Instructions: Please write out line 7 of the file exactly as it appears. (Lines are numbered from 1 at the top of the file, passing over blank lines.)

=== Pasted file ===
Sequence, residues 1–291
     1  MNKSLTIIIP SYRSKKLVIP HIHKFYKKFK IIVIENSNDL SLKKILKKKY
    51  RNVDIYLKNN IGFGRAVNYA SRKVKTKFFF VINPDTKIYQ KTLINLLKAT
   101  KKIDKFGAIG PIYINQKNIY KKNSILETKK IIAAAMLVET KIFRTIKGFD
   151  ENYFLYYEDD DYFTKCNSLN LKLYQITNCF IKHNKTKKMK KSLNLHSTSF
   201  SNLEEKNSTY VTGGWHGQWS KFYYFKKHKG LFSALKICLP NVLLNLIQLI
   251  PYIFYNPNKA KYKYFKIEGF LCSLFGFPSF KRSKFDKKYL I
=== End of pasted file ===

   251  PYIFYNPNKA KYKYFKIEGF LCSLFGFPSF KRSKFDKKYL I